“Statistical Yearbook of Estonia” describes life in Estonia in figures
Today, on 29 July, Statistics Estonia presents the publication "Eesti statistika aastaraamat. 2015. Statistical Yearbook of Estonia", which provides a statistical overview of life in Estonia and comparisons with other European Union countries.
While the Yearbook comprises the annual overviews of the environment, population, social life and the economy, the presentation held by Statistics Estonia focuses on two subjects.
At the presentation, Principal Analyst Mr Siim Krusell will discuss the changes that occurred in the Estonian population and social life in 2014. Mr Krusell points out as a positive development that, in 2014, unemployment decreased and real wages continued their moderate growth. “The situation on the labour market has improved but the number of working-age persons continues to decrease due to the decrease and ageing of the population,” Mr Krusell explained. “This, in turn, will improve the position of employees in the labour market and will put employers under wage pressure in the longer perspective,” he added. In the light of the improvement on the labour market and the increase in salaries, the number of persons who are in need of social protection has also decreased. “After the sudden increase during the economic crisis, the number of families receiving subsistence benefit has been continuously decreasing since 2012, last year there were nearly 16,600 of such families,” Mr Krusell explained and added that, at the same time, this number has not reached the level it was on in the years of rapid economic growth before the crisis. When taking into account people’s own estimation of their economic situation, 14% of 15–74-year-olds coped with difficulties and 38% coped with some difficulties in 2014; these indicators have not changed significantly compared to the previous year,” noted Mr Krusell.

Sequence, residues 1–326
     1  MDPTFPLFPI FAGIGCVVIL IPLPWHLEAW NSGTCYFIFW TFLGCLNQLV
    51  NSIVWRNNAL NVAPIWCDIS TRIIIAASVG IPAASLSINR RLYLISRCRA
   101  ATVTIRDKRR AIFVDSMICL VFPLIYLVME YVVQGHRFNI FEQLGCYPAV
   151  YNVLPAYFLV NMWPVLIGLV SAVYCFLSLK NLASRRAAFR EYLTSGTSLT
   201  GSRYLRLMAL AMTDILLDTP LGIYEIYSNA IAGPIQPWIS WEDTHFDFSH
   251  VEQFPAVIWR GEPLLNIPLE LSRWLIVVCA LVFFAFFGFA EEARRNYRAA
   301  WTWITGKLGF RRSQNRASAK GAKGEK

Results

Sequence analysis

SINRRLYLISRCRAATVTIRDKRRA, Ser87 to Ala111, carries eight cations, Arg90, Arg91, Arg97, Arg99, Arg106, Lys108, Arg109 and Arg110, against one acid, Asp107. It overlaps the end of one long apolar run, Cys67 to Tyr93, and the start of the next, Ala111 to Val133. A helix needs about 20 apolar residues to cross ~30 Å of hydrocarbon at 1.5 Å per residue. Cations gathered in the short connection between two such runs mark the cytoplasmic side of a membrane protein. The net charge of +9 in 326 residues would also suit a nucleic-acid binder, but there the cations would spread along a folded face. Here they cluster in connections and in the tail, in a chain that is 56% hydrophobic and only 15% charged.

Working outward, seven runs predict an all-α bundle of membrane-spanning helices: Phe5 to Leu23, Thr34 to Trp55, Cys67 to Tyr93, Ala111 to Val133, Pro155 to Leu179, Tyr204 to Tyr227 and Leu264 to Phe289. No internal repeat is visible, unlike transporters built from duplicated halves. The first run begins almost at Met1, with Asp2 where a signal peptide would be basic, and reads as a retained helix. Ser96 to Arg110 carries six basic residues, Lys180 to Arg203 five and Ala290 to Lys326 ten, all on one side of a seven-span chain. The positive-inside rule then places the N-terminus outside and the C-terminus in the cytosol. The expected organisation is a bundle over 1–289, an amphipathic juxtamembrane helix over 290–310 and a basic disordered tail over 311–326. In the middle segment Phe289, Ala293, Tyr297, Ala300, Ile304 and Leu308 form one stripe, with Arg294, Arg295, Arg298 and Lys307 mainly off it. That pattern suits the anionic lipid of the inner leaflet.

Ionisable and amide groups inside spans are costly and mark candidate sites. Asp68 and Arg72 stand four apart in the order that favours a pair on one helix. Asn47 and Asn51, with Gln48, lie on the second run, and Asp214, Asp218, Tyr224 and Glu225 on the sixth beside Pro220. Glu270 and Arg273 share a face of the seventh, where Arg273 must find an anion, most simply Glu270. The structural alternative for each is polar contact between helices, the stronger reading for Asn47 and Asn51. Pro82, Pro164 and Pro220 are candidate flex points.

Senior Analyst Ms Alis Tammur will discuss migration and the links between migration and education at the presentation. “In 2014, emigration was nearly 30% lower than in the three previous years and net migration of males was positive,” Ms Tammur noted as positive. “Emigration has mainly fallen due to the decrease in the number of people going to Finland, in which Finland’s continuing economic difficulties play their part,” she noted. In general, net migration remained negative – 4,637 persons emigrated from Estonia and 3,904 came to live here in 2014. Ms Tammur explained that when looking at the education levels of the immigrants and emigrants then you can see that they greatly differ by age groups. “The most active age group with regard to participating in external migration is that of 20–39-year-olds, and in that age group, there are fewer emigrants with higher education than in Estonia in that age group on average,” she noted. “Looking at the citizenship and education of the immigrants, over a half of the 20–39-year-olds migrating from non-EU countries into Estonia have obtained higher education,” Ms Tammur said.The presentation of the Yearbook to journalists will take place today, on 29 July, at 11:00–12:00, at Statistics Estonia (Tatari 51, 5th floor).
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